2.1.10 explains the possible effects of sustaining damage when in a
less favorable condition
2.1.11 distinguishes between ships of Type A and Type B for the
purposes of computation of freeboard
2.1.12 describes the extent of damage which a Type A ship of over
150 meters length should withstand
2.1.13 explains that a Type A ship of over 150 meters length is
described as a one-compartment ship

New Management Level Course for Marine Engineer Officers Page 98 of 105
MARINA Circular No. 2014 - 01
Annex - II

2.1.14 describes the requirements for survivability of Type B ships


with reduced freeboard assigned
2.1.15 summarizes the equilibrium conditions regarded as satisfactory
after flooding
2.1.16 states that damage to compartments may cause a ship to sink
as a result of:
- insufficient reserve buoyancy, leading to progressive flooding
- progressive flooding due to excessive list or trim
- capsizing due to loss of stability structural failure

New Management Level Course for Marine Engineer Officers Page 99 of 105
MARINA Circular No. 2014 - 01
Annex - II

F4 - Module 4

Competence: Use of Leadership and Managerial Skill

1. Shipboard Personnel Management and Training

1.1 Shipboard Personnel Management

1.1.1 Principles of Controlling Subordinates and Maintaining


Good Relationships
- Identifies sources of authority and power
- discusses theories on how effective authority and power may
be enhanced or diminished by management level officers on
ships
- reviews theories in cultural awareness and cross cultural
communication
- discusses strategies that management level officers could
adopt to enhance their effectiveness in managing crews of
different cultures
- reviews theories in human error, situational awareness,
automation awareness, complacency and boredom
- discusses strategies that management level officers can
adopt to optimize situational awareness and to minimize
human error and complacency of individuals and teams
- reviews theories in leadership and teamwork
- discusses strategies that management level officers can
adopt to enhance leadership and teamwork
- discusses theories of personnel motivation and relates these
to shipboard situations encountered by management level
officers
- explains that an individuals motivation and well being may
be effected by both real and perceived influences on board
ship and at home
- discusses strategies that management levels officers could
adopt to optimize the motivation of individuals and teams
- discusses theories on coaching individuals and teams to
improve performance
- discusses approaches to managing and improving the
performance of oneself, individuals and teams
- prepares for and conducts a simulated formal performance
review
- identifies the impact of repeated harassment including
bullying on individuals
- recognizes indications that crew members may be physically
or mentally unwell or badly demotivated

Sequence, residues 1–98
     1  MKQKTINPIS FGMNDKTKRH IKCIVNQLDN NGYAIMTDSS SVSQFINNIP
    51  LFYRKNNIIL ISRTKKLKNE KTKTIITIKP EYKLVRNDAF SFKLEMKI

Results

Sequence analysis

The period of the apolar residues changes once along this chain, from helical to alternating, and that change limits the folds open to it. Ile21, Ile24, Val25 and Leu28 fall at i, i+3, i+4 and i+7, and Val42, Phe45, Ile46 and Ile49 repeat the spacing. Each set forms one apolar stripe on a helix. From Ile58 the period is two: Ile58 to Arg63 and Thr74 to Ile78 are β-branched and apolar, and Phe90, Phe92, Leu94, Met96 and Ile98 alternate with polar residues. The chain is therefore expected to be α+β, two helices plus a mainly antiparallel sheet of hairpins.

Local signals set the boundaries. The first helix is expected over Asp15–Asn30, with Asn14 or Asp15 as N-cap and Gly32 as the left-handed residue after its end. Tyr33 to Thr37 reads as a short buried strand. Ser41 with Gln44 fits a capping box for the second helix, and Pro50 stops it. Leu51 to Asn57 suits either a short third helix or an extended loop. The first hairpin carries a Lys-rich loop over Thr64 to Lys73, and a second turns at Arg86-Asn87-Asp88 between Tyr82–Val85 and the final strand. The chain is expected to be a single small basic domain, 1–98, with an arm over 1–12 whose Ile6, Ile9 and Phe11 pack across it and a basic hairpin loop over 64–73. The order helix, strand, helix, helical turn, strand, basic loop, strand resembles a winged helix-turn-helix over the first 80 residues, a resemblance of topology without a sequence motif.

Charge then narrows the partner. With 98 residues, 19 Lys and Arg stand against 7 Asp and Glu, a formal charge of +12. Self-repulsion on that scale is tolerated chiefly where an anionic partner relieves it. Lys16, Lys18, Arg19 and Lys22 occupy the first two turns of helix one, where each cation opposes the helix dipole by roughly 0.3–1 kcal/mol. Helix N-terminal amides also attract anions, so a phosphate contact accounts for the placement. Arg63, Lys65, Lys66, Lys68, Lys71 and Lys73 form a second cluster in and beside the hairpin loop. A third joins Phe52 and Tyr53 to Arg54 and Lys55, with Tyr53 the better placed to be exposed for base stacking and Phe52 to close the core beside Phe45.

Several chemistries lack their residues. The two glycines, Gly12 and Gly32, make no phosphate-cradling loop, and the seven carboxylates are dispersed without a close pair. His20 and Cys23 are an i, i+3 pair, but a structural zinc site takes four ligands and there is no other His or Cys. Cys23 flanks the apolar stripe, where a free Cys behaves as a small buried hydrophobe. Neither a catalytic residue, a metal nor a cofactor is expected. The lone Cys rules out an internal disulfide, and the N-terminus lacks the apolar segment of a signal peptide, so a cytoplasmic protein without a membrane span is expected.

- describes strategies that can be adopted when a crew
member is believed to be physically or mentally unwell or
badly demotivated

New Management Level Course for Marine Engineer Officers Page 100 of 105
MARINA Circular No. 2014 - 01
Annex - II

- describes strategies that management level officers can take


to ensure that crew remain physically well and are
encouraged to remain physically active

1.1.2 Crew Employment


- explains the need for management level officers to be fully
familiar with the requirements of national law relating to crew
employment and of all crew agreements in place on the ship
- discusses the process for signing on and discharging crew
under national law
- discusses the need to ensure that new crew are
appropriately certificated, competent and familiarized with
the safety management system, security plan, working
procedures and equipment of the ship
- explains that procedures for conducting investigations and
applying consequences in disciplinary situations are
governed by national law, codes of conduct, employment
agreements and company procedures
- explains the process for investigating and applying
consequences in disciplinary situations under relevant
national law and procedures
- explains the formal process for addressing continuing levels
of unacceptable performance by a crew member under
national law
- explains the process for investigating and responding to
incidents of harassment or bullying of crew members under
national law
- explains requirements for handling crew wages, advances
and allotments when this is done by management level
officers on board ship

1.2 Training

1.2.1 Training Methods


- reviews training methods that could be adopted on board
ship
- discusses the effectiveness of training methods that can be
adopted for training
o in attitude
o in skills
o in knowledge
- describes the preparation needed before the start of a
training session
- discusses methods for ensuring that crew are motivated to
participate fully in training
- demonstrates how to conduct a training session for a given
topic

New Management Level Course for Marine Engineer Officers Page 101 of 105
MARINA Circular No. 2014 - 01
Annex - II
- lists the areas in which training is required by regulation
including the requirements of SOLAS

- identifies other topics where training might be desirable


- delivers a training session to other members of the class
- discusses the resources that may be available on board ship
that can be used for training

2. Related International Maritime Conventions and Recommendations, and


National Legislation

2.1 Related International Maritime Conventions and National


Legislations

2.1.1 The ISM Code


- explains the principles underlying the ISM Code
- describes the content and application of the ISM Code

2.1.2 STCW Convention


- explains the principles underlying the STCW Convention
- describes the content and application of the STCW
Convention
- explains how to implement the regulations for ensuring